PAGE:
Others

  1. Nunn Wants to Reopen Inquiry into Vincennes’ Gulf Location. Washington Times, July 4, 1992. Abstract: Senator Sam Nunn called on the Pentagon to probe allegations that the Navy "deliberately misled Congress" about the location of the USS Vincennes when it shot down an Iranian civilian airliner four years ago.
  2. Fisk, Robert. The Great War for Civilisation — The Conquest of the Middle East. London: Fourth Estate, 2005. 318–328. ISBN 1-84115-007-X
  3. Marian Nash Leich, "Denial of Liability: Ex Gratia Compensation on a Humanitarian Basis" American Journal of International Law Vol. 83 p. 319 (1989)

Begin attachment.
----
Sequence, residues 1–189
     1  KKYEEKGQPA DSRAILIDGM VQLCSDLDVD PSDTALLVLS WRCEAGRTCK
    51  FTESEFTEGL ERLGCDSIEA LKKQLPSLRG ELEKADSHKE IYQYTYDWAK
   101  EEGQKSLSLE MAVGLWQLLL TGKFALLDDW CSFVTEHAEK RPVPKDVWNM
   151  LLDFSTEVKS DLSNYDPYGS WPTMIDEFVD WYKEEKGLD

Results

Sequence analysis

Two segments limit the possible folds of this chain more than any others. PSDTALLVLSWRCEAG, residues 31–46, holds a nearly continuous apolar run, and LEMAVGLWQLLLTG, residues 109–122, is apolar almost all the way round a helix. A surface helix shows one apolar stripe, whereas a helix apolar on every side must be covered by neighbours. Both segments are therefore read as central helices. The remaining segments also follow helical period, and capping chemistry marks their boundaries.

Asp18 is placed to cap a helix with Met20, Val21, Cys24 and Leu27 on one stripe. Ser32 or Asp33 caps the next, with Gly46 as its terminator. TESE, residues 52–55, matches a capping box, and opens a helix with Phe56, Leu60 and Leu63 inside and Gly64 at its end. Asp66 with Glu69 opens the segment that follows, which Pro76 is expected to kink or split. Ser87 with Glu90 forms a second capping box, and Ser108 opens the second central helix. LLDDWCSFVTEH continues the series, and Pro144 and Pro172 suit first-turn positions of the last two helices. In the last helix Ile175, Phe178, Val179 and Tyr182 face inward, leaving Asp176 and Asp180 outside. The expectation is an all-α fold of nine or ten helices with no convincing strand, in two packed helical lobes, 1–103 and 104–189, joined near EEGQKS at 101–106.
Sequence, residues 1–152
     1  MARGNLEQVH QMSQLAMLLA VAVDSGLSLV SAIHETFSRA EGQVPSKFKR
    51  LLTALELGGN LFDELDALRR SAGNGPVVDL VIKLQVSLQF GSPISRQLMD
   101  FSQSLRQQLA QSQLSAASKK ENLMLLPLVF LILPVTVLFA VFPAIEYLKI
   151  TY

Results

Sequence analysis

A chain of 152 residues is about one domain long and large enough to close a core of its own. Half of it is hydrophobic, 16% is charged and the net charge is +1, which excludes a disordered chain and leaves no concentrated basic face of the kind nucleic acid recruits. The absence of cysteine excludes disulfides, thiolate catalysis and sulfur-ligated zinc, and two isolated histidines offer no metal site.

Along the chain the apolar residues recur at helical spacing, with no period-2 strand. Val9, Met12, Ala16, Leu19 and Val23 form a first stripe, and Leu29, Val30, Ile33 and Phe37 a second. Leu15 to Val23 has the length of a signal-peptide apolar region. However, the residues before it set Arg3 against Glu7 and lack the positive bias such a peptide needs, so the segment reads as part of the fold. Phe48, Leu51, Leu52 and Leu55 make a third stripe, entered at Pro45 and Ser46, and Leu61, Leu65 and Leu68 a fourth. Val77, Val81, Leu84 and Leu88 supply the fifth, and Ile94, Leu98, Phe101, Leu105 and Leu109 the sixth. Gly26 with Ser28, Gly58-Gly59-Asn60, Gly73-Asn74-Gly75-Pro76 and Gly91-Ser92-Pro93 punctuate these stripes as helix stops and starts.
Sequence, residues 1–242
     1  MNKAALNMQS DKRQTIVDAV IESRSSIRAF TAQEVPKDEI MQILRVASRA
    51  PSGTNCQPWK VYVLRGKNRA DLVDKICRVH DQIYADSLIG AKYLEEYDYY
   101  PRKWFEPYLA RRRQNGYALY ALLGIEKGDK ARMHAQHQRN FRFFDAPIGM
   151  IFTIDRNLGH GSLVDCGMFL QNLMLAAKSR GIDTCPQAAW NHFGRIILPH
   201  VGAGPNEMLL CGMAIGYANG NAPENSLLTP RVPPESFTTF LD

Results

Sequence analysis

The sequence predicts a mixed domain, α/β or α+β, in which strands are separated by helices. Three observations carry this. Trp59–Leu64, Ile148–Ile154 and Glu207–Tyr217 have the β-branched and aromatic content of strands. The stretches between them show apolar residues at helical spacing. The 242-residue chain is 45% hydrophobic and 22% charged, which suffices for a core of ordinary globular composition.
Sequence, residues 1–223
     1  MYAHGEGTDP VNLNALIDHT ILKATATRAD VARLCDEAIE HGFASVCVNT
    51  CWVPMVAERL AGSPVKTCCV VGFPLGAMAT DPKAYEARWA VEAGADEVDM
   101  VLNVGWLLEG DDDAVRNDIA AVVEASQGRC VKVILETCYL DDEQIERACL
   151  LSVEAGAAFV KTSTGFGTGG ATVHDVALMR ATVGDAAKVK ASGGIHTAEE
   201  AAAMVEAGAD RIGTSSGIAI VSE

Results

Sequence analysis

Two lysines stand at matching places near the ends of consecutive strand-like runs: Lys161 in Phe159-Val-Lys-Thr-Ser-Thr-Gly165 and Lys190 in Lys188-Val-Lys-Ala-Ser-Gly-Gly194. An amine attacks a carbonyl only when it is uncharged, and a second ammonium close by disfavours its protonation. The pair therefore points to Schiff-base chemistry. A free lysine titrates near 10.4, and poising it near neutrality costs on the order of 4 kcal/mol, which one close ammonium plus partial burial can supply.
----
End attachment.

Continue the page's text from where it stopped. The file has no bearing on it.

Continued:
4. USS Vincennes Incident; Dan Craig, Dan Morales, Mike Oliver; M.I.T. Aeronautics & Astronautics, Spring 2004

is the 185th day of the year (186th in leap years) in the Gregorian calendar. ... Year 1992 (MCMXCII) was a leap year starting on Wednesday (link will display full 1992 Gregorian calendar). ... For people named Robert Fiske, see Robert Fiske (disambiguation). ...

See also